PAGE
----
From prayer and sacrifice to sunbathing, humans have worshipped the sun since time immemorial. And it’s no wonder. At around 150m km away, it is close enough to provide the light, heat and energy to sustain the entire human race. But despite the fact that our parent star has been studied extensively with modern telescopes – both from home and in space – there’s a lot we don’t know about it.
This is why NASA has recently announced plans to launch a revolutionary probe, set to lift-off in 2018, that will literally touch it. Initially dubbed the Solar Probe Plus mission, the spacecraft has now been renamed the Parker Solar Probe. This is to honour physicist Eugene Parker who carried out important work on the solar wind – a stream of charged particles from the sun.
There have been many missions to investigate the sun. In 1976, the spacecraft came as close as 43m km from the sun’s atmosphere. But the $1.5 billion Parker probe will travel to just 6m km above the solar surface – some nine times closer than any spacecraft has ever gone before. This will open a new era of understanding as, for the first time, sensors will be able to detect and analyse phenomena as they occur in the sun.
While the cruising altitude of the mission may sound like a safe distance at millions of kilometres, the sun’s immense energy will relentlessly bombard the payload with heat. An 11.5cm thick carbon composite shroud, similar to what modern Formula 1 race cars employ in their high-performance braking systems, will shield the sensitive equipment. This will be crucial as temperatures will soar beyond 1,400°C.
At these extreme temperatures, the solar arrays that power the spacecraft will retract. This manoeuvre will allow the instruments and power sources to remain close to room temperature in the shadow of the carbon composite shield. Just as well, as the spacecraft will experience radiation 475 times more intense than Earth orbit.
Any errors in the planned spacecraft trajectories could result in the probe sinking deeper into the sun’s atmosphere, which is several million degrees hot. This could ultimately destroy the spacecraft.
So what can we learn from this risky mission? The dynamic activity brought about by supercharged particles and radiation being released from the sun – encountering the Earth as they pass through the inner solar system – is called space weather. The consequences of space weather can be catastrophic, including the loss of satellite communications, changes to the orbits of spacecraft around Earth and damaging surges throughout global power grids. Most important is the risk to astronauts exposed to the powerful ionising radiation.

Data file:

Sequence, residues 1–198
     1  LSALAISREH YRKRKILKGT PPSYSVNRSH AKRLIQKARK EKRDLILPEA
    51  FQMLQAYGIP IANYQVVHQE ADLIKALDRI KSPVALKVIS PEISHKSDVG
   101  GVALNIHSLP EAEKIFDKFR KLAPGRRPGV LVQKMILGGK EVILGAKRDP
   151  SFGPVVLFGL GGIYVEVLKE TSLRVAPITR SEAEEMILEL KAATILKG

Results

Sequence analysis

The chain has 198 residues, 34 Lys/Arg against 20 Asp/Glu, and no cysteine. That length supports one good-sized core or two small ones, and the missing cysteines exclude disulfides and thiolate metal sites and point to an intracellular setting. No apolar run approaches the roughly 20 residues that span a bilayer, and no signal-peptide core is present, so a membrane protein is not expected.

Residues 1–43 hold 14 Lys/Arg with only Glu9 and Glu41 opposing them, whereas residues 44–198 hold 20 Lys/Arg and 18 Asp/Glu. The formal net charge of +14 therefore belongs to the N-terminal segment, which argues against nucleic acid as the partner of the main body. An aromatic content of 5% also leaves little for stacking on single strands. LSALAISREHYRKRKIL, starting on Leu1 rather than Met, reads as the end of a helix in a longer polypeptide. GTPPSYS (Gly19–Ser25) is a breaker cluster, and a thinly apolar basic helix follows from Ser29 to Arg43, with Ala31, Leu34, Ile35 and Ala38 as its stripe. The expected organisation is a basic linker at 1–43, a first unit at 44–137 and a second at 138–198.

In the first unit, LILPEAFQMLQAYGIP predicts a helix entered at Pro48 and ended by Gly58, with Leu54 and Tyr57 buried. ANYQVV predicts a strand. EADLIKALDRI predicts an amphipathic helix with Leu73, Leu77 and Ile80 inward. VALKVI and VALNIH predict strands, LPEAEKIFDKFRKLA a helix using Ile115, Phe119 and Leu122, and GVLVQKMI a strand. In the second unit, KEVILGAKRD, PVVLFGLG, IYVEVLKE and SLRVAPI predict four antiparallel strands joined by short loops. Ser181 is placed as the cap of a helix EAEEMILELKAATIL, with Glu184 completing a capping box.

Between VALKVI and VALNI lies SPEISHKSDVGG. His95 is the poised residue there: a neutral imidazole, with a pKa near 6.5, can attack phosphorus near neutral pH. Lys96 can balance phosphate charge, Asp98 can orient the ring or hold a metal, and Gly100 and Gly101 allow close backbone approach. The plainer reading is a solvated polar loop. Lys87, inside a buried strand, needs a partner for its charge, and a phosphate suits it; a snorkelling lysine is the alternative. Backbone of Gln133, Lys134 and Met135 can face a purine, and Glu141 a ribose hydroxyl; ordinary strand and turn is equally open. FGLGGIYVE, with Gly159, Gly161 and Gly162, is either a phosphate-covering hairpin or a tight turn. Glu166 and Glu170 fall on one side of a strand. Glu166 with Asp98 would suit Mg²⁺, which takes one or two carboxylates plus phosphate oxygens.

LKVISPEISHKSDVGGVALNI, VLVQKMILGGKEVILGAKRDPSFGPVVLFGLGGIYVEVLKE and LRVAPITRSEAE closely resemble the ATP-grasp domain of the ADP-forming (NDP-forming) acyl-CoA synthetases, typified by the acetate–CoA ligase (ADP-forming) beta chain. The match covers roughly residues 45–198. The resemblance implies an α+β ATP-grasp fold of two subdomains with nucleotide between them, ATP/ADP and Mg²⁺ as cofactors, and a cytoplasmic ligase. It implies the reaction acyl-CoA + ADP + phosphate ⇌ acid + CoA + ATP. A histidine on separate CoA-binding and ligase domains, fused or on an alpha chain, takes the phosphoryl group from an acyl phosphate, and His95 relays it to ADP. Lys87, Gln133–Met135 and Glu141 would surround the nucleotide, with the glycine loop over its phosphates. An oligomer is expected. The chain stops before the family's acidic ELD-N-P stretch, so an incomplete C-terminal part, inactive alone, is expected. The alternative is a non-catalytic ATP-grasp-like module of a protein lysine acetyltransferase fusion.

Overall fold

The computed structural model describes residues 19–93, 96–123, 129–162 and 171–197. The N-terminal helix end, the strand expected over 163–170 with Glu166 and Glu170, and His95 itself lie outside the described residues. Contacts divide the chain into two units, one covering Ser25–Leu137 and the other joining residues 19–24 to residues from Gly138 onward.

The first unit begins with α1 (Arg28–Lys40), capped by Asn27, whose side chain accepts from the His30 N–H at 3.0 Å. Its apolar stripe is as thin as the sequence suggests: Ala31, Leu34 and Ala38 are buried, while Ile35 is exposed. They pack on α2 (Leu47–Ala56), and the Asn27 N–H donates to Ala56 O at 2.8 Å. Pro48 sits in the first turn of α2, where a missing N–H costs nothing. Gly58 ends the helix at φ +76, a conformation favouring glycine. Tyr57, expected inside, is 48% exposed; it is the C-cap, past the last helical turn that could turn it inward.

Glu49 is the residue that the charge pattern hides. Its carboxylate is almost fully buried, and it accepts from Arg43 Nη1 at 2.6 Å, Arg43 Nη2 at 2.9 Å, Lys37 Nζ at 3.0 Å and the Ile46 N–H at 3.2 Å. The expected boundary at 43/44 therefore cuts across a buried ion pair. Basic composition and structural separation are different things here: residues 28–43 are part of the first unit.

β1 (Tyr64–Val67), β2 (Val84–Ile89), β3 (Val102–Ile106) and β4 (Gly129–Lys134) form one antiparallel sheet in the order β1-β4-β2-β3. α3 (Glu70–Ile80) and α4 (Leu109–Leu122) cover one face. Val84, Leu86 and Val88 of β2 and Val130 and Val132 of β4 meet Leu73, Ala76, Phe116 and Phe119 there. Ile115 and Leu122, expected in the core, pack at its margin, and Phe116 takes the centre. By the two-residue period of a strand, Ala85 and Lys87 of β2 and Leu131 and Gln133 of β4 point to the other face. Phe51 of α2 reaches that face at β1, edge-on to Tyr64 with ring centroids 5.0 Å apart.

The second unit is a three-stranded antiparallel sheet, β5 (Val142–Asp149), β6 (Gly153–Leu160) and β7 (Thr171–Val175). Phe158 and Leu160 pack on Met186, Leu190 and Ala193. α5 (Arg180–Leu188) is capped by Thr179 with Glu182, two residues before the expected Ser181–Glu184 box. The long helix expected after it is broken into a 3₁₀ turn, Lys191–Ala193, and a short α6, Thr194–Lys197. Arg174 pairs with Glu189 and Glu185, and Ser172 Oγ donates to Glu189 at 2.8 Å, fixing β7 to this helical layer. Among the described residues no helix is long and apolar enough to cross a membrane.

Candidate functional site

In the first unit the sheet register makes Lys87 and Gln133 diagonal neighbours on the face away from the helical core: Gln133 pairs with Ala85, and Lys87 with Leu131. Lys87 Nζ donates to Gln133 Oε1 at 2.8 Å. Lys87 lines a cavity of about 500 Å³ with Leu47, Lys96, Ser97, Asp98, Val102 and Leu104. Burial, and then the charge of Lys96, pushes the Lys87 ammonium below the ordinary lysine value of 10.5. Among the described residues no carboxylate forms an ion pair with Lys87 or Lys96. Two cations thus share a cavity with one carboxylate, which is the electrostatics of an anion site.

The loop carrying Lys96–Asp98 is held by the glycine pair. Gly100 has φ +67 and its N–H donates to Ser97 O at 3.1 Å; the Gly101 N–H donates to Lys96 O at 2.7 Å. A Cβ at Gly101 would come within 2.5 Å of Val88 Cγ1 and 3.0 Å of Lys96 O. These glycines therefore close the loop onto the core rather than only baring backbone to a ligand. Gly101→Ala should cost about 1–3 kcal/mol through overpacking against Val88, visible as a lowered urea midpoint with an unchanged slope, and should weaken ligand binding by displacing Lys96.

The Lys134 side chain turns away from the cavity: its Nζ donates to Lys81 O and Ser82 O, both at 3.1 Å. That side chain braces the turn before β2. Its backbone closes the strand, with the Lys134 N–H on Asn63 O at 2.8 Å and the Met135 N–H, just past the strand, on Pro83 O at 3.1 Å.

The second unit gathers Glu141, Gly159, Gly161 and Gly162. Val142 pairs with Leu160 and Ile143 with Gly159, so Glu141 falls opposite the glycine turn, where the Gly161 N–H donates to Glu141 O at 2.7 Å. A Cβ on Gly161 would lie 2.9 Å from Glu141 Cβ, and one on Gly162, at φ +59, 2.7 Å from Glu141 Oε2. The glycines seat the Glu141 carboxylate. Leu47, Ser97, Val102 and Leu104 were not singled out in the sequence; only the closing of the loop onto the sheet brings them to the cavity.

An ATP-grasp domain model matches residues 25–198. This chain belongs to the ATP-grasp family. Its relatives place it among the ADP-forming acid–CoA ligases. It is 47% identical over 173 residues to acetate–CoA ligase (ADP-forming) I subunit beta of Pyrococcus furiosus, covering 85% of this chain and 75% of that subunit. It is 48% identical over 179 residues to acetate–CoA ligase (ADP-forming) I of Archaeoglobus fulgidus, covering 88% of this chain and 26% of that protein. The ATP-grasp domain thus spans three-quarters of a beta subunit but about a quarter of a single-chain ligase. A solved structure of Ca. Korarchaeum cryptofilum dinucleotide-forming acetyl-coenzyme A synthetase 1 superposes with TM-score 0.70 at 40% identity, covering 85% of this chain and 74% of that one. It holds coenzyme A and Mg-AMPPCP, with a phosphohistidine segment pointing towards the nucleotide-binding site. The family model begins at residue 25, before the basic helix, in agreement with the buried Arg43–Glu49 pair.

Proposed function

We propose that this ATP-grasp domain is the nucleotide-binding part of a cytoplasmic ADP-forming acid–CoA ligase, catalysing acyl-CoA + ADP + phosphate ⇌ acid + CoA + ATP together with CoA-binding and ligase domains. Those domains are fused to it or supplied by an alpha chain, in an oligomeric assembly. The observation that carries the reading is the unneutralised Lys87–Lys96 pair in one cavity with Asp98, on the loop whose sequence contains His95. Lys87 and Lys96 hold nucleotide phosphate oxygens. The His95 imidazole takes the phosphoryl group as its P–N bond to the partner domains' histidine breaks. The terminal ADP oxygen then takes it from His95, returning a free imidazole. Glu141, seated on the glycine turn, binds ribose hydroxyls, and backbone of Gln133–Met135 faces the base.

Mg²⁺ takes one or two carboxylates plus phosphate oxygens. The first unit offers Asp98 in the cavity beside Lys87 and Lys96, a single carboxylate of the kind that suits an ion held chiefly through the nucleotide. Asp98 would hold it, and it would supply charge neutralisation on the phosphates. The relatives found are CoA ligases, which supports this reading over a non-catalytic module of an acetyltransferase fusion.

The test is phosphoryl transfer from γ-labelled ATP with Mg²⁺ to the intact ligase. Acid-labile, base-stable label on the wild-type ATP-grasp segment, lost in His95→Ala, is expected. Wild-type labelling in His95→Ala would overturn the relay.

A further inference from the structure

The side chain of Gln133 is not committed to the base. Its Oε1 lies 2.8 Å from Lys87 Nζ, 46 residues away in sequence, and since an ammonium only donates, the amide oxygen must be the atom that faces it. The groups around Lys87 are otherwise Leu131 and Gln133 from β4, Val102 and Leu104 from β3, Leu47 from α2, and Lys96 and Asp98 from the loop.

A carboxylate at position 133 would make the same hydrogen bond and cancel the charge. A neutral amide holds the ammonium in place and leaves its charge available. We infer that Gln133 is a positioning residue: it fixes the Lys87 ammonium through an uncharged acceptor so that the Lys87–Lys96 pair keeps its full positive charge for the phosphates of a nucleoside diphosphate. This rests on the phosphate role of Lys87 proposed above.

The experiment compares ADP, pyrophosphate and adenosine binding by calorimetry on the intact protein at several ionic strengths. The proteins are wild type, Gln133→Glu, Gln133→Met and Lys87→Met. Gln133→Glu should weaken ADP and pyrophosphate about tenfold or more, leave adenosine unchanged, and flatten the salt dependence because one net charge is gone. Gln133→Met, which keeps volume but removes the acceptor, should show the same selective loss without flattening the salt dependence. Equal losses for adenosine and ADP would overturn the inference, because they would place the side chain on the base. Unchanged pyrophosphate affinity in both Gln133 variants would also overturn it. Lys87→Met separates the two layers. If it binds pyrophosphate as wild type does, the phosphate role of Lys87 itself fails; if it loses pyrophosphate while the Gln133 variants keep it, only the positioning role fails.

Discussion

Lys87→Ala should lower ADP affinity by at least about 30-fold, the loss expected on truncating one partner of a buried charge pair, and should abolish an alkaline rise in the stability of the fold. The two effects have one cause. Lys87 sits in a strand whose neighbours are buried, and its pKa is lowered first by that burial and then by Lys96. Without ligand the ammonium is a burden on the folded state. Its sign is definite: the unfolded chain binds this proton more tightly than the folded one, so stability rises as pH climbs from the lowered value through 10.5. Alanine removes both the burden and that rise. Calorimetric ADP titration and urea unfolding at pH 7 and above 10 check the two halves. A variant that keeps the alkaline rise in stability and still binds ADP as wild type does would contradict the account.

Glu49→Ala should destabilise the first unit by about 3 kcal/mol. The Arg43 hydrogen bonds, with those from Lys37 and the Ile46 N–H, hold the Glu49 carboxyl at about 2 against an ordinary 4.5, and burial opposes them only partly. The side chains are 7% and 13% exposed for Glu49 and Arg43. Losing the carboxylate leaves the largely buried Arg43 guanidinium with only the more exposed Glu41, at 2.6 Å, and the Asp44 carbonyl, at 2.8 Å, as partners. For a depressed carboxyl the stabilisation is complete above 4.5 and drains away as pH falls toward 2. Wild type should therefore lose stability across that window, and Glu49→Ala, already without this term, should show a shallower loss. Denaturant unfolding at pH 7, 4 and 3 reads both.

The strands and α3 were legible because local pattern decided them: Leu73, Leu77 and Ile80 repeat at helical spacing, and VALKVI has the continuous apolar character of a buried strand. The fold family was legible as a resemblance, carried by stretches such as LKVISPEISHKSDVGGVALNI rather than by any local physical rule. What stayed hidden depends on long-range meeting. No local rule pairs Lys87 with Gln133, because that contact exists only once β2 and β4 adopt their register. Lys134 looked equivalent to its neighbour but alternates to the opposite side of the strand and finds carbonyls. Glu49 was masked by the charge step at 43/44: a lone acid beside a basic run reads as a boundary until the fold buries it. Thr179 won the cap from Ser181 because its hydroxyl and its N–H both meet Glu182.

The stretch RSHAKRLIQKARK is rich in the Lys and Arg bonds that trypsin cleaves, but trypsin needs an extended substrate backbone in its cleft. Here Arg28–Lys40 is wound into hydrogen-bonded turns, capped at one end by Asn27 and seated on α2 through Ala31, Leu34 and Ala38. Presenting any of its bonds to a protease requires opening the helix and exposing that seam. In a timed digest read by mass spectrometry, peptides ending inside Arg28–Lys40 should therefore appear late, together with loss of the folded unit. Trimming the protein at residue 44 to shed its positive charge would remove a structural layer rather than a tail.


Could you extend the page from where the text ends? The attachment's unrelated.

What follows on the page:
The new solar probe will revolutionise our understanding of what conditions are necessary in the sun’s atmosphere to generate severe bouts of space weather by making direct measurements of the magnetic fields, plasma densities and atmosphere temperatures for the first time. In a similar way to how an elastic band can snap following excessive stretching, it is believed that the continual twisting and churning of the magnetic field lines that permeate the solar atmosphere may give rise to particle acceleration and radiation bombardment. Once the magnetic fields break, we can experience severe space weather.
Unfortunately, we presently have no direct method of sampling the sun’s magnetic fields. Scientists are attempting to uncover new techniques that will allow the twists, strengths and directions of the sun’s powerful fields to be determined, but so far they can’t provide an accurate enough understanding. This is where the Parker probe will provide a new age of understanding, since it will be able to sample the sun’s powerful magnetic fields while there.
Round-the-clock observations and direct measurements of the atmospheric conditions responsible for increased levels of space weather are paramount in order to provide crucial warning of imminent solar threats. An instrument suite on-board the probe, the FIELDS suite, will provide such unprecedented information. Scientists can then feed this into intensive computer models, ultimately allowing space, aviation, power and telecommunication authorities to be alerted when potentially devastating space weather is imminent.
Of course, understanding the origins of space weather also has implications for other important areas of astrophysical research. It will allow space agencies to better protect astronauts during future manned missions to Mars, where the thinner Martian atmosphere offers little protection to incoming solar radiation.
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